COLUMBUS, Ohio — As the eyes of the crowd went downfield Saturday at Ohio Stadium, expecting to see the ball fly toward the waiting arms of Johnnie Dixon, the ball was nowhere to be found.
Most kickoffs, even squib kicks, tend to move away from the kicker in the direction he is facing. This kick, however, squirted off Caleb Lightbourn’s left and just a single yard forward on what Nebraska coach Scott Frost said was an attempted onside kick that his team didn’t execute.
Ohio State, a 36-31 winner, did nothing with the gift of starting field position at the NU 31-yard line. However, after turning the ball over on downs, the Buckeyes forced Nebraska’s punting unit to emerge. Surely, that would find more success moving the ball down the field than the kicker.
It did not. Isaac Armstrong’s punt made it a few feet above his foot before it was batted back by Ohio State linebacker Keandre Jones, who coasted past the intended blocker, Wyatt Mazour. The ball rolled out the back of the end zone for a safety.
Nebraska stayed with the Buckeyes most of the game. But special teams blunders — the rest not quite as extreme as its first two chances of the game — helped keep Ohio State one step ahead.
“Special teams have been a battle all year,” Frost said. “We’re getting better with it, but it certainly didn't go in our favor. Even, gosh, their punts bounced down to our 1 and our punts bounced backwards, and it seemed like the clouds were out half the time and not the other time.”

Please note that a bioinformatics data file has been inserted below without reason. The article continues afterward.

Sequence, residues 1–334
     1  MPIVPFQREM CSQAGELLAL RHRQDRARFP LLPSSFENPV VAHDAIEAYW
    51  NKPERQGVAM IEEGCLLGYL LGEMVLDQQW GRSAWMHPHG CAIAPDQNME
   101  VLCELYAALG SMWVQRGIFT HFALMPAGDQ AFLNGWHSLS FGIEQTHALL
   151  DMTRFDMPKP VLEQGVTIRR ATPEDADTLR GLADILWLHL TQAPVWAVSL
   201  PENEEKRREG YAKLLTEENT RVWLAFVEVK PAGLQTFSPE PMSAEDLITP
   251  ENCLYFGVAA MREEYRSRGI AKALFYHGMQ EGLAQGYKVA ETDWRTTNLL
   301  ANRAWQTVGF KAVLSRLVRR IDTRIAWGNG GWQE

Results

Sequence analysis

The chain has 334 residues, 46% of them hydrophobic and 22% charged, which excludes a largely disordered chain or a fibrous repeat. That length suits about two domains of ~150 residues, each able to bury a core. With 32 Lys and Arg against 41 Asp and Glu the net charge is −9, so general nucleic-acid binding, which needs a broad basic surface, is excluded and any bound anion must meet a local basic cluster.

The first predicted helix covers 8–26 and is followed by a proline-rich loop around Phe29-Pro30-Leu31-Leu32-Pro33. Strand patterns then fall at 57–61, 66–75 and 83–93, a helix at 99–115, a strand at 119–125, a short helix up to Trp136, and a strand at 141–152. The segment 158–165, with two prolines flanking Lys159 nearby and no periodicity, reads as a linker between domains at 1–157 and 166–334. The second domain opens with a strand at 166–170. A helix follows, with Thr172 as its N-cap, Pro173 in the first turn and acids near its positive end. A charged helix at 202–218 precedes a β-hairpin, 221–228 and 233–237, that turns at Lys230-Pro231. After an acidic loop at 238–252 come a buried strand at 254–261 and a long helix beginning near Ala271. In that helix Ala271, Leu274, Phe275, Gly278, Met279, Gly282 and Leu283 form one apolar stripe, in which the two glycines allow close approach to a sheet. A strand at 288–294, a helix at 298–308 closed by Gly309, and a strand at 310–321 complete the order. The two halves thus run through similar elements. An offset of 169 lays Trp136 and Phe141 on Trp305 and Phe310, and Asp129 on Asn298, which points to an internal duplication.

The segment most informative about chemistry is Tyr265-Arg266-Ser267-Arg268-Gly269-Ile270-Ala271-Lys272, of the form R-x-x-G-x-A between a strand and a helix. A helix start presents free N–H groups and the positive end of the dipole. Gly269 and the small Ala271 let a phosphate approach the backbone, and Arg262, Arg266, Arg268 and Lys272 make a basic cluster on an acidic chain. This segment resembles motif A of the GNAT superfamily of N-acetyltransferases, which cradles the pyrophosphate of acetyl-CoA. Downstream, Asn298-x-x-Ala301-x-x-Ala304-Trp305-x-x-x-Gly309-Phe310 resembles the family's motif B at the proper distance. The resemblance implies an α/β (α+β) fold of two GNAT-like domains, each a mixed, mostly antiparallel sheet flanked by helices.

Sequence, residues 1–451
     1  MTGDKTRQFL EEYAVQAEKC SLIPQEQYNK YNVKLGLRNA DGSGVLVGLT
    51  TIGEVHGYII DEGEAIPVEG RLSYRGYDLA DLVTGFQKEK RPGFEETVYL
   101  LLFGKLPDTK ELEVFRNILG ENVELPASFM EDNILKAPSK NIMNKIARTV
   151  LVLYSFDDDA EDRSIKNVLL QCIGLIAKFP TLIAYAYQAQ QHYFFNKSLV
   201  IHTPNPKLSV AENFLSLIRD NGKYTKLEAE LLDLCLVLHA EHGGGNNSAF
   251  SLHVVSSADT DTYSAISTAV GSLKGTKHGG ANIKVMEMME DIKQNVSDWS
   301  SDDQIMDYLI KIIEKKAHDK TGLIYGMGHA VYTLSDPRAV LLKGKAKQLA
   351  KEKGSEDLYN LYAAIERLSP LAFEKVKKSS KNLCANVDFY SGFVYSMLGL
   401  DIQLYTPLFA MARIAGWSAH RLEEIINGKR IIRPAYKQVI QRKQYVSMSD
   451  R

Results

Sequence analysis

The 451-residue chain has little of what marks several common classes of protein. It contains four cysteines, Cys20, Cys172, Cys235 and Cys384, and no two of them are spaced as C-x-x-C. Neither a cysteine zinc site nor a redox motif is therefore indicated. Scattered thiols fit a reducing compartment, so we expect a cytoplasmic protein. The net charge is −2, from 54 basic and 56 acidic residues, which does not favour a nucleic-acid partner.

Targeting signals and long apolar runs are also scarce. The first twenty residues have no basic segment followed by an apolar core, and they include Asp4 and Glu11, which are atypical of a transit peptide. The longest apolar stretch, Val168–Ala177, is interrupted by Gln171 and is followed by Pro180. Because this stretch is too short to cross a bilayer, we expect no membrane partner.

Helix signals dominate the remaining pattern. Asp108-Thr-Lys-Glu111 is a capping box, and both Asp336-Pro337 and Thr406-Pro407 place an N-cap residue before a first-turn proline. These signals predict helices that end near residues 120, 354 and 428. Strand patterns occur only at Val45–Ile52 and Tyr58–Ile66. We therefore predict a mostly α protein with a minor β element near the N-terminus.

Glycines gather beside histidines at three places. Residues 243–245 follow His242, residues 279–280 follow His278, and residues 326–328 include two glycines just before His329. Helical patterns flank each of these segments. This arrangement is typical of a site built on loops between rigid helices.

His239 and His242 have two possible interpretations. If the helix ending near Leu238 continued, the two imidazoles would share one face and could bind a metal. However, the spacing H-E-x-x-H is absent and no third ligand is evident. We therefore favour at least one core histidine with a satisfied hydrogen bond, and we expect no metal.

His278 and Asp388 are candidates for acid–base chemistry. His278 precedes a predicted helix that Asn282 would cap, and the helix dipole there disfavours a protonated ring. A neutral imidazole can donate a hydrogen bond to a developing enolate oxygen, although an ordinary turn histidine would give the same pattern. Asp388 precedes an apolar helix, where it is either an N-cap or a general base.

Nebraska's later punt attempts had the yardage desired, but only upward. Instead of moving out, the punts gave Ohio State premium field position, netting an average of just 38.6 yards (not including the blocked punt).
When it came time for the Huskers to receive the kickoff, the 25-yard line was as far as they went. Calling for one fair catch and watching three touchbacks proved the most effective strategy for Nebraska. The two times Jaron Woodyard and Maurice Washington returned kicks from inside the 10-yard line, they were met inside the 20 by defenders.
On the flip side, Ohio State punter Drue Chrisman had no problems sending the Huskes farther back, averaging 47.8 yards per punt, with two of the punts traveling more than 50 yards and landing inside the 20-yard line.
Senior safety Tre Neal said the line is "really thin" between a good outing by the special teams and a poor one. One player can make all the difference.
“He can make a splash play, but if he does the wrong thing, that thing can go for 100 yards on a kickoff,” Neal said. “That’s one of those things where you think if he makes that play, special teams is great. If he doesn’t, you know, special teams is horrible.”